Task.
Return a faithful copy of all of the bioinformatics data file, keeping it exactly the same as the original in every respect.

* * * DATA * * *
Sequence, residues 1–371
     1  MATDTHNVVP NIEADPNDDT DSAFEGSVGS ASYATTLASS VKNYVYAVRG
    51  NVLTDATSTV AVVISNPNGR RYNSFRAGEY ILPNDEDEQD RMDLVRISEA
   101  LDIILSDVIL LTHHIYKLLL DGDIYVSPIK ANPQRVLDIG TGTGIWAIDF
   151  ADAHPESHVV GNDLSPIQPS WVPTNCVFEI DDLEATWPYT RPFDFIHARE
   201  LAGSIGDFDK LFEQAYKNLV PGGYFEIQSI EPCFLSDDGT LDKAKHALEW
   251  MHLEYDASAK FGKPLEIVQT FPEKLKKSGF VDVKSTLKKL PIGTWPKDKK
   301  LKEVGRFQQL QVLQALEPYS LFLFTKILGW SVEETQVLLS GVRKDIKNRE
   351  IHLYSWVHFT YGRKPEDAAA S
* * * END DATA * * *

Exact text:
Sequence, residues 1–371
     1  MATDTHNVVP NIEADPNDDT DSAFEGSVGS ASYATTLASS VKNYVYAVRG
    51  NVLTDATSTV AVVISNPNGR RYNSFRAGEY ILPNDEDEQD RMDLVRISEA
   101  LDIILSDVIL LTHHIYKLLL DGDIYVSPIK ANPQRVLDIG TGTGIWAIDF
   151  ADAHPESHVV GNDLSPIQPS WVPTNCVFEI DDLEATWPYT RPFDFIHARE
   201  LAGSIGDFDK LFEQAYKNLV PGGYFEIQSI EPCFLSDDGT LDKAKHALEW
   251  MHLEYDASAK FGKPLEIVQT FPEKLKKSGF VDVKSTLKKL PIGTWPKDKK
   301  LKEVGRFQQL QVLQALEPYS LFLFTKILGW SVEETQVLLS GVRKDIKNRE
   351  IHLYSWVHFT YGRKPEDAAA S